In 1898, in championing the cause of Federation a great Victorian and soon to be three-time Prime Minister, Alfred Deakin, said “it will be a union that will endure” providing “perpetual security for the peace, freedom and progress of the people of Australia.”
He knew then, as we know now, that regardless of what state we are from, we are first and foremost Australians.
What unites us as is far greater than what divides us.
We may be passionate about our state but we care far more for country.
As Victoria battles a recent spike in COVID-19 cases, this is a sentiment worth remembering.
With the Victorian-New South Wales border closed for the first time in one hundred years and Victorians locked out of other states and territories, we are seeing for the first time in living memory the isolation of one state from the nation as a whole.
While one understands the health reasons for the precautions being taken, we must maintain a sense of perspective and acknowledge that we are all in this together.
In the last week, the United States had 340,000 new COVID-19 cases, the United Kingdom 2,700, while in Australia, we have around 800, over 90 per cent of which have been in Victoria.
America’s death toll from COVID-19 stands at more than 130,000, the United Kingdom more than 40,000 while Australia has tragically lost 106 people.
There has clearly been mistakes made in Victoria, including in hotel quarantine, now subject to a judicial inquiry, but from here on the focus must be on learning from these mistakes, not repeating them, and directing more resources at the challenge.
Already the Commonwealth and other states are providing further support. This is how it should be.
The Morrison Government has already deployed more than 220 ADF personnel in Victoria, assisting with medical tasks, planning and logistics and we have more than 800 Commonwealth staff on the ground in Victoria assisting with community engagement and testing, at fixed sites, and other tasks.
The Commonwealth has funded 28 GP respiratory clinics that have assessed over 65,000 people and provided more than 57,000 tests in Victoria, we have expanded Medicare subsidised telehealth services supporting more than two million patients in Victoria and we have provided additional support to the Victorian public and private health system for Covid-19 related services.
This is on top of the Morrison Government’s economic support initiatives including the JobKeeper program and the cash flow boost for small businesses which together have provided more than $10 billion to Victorian workers and businesses in the last three months.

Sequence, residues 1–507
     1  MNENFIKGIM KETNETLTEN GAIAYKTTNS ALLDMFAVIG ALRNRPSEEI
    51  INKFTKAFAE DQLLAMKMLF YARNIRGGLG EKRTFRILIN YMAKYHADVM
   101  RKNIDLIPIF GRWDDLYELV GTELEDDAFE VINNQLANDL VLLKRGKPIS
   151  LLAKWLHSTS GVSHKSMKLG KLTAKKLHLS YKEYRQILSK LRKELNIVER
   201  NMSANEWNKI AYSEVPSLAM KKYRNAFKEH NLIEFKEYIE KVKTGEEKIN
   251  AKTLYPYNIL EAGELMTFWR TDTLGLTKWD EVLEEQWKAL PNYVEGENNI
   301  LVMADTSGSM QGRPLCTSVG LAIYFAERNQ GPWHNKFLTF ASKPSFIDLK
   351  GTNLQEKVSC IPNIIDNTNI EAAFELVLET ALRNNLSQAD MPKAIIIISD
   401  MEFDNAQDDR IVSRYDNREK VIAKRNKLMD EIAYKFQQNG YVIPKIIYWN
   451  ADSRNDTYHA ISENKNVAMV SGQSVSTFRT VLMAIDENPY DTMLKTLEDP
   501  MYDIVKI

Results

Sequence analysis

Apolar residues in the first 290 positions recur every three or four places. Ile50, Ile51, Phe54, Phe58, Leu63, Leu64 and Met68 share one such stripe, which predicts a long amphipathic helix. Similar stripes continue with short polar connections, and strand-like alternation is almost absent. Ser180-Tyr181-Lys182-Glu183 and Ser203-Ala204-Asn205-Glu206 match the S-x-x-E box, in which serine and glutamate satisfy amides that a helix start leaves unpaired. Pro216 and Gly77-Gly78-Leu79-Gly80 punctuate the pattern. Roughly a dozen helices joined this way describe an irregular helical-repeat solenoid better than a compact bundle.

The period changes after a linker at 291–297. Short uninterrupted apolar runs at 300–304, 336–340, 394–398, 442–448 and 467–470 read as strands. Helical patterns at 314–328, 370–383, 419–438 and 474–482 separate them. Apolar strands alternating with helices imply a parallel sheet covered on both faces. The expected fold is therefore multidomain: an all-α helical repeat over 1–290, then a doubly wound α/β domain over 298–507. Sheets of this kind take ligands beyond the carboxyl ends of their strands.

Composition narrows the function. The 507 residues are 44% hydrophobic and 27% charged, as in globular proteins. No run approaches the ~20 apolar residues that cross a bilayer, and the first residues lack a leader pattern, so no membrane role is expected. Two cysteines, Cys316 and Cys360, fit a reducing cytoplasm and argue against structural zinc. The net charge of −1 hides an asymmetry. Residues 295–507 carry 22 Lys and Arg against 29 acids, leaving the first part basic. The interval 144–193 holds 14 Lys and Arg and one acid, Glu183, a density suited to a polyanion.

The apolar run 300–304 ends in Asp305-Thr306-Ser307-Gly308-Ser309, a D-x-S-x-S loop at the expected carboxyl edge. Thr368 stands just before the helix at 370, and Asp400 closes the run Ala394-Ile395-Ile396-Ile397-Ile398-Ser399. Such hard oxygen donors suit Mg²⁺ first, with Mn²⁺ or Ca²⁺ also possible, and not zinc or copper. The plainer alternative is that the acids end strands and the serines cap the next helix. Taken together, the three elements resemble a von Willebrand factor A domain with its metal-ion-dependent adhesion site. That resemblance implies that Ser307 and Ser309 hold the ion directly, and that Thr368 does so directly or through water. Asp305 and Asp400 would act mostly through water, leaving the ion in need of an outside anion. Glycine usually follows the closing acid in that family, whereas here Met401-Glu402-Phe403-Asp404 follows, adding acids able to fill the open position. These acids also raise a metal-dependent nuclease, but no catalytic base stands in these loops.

In the words of Premier Andrews, “whenever I needed anything from the Prime Minister the answer is yes.”
New South Wales, Queensland, Western Australia, South Australia and Tasmania are also providing assistance.
This level of cooperation is in the spirit of what we saw earlier this year during the bushfires where firefighters, emergency service and defence force personnel crisscrossed the country to lend a helping hand.
The Victorian response which involves upping the rate of testing and tracing and restricting movement where outbreaks have occurred is, according to the Acting Chief Medical Officer, Professor Paul Kelly, “precisely the approach we have been taking at the national level” and “we all know, it works.”
While Australia has had success in flattening the curve this latest outbreak is not unexpected.
Again, Kelly said, “Covid-19 needs only the slightest encouragement to take off and can rapidly get out of control.”
This reinforces the need to get on top of it quickly.
The coming days and weeks will be critical and if, as we hope, Victoria can contain the outbreak, it will be not just Victoria’s success, but Australia’s success.
The speed and trajectory of our national economic recovery depends on it.
Prior to the outbreak in Victoria, we were starting to see positive signs across the economy.
Consumer confidence recovered 90 per cent from its fall and business confidence recovered 70 per cent; retail trade in the month of May increased 16.9 per cent; manufacturing activity rose by 9.9 per cent to be back around pre-COVID levels; job ads increased in June by 42 per cent; and ABS weekly payroll data between mid-April and mid-June showed jobs and wages were up.
At the same time, the IMF and the OECD upgraded Australia’s economic forecasts and the leading credit rating agencies reaffirmed our AAA rating.
But these bouts of good news have now been interrupted by developments in Victoria.
Consumer confidence has fallen in the last two weekly surveys, and we know the recovery is very much a confidence game.
With Victoria comprising around a quarter of the national economy, what happens in Victoria matters and this is why getting the outbreak under control is crucial.
Recently I made a statement to the Parliament outlining the risks and costs to the economy of a further lockdown.
I told the House in May that should restrictions return, then it could, according to Treasury, cost the national economy $4 billion a week, and Victoria around $1 billion a week.
This is what is at stake.
Australia’s progress on both the health and economic fronts during COVID-19 has been recognised and praised around the world, but we are now at a critical point facing a real test.
By working together, we as a nation will rise to this challenge and live up to the vision of Alfred Deakin more than 120 years ago that our union will not only endure but prosper.
Josh Frydenberg is the Federal Treasurer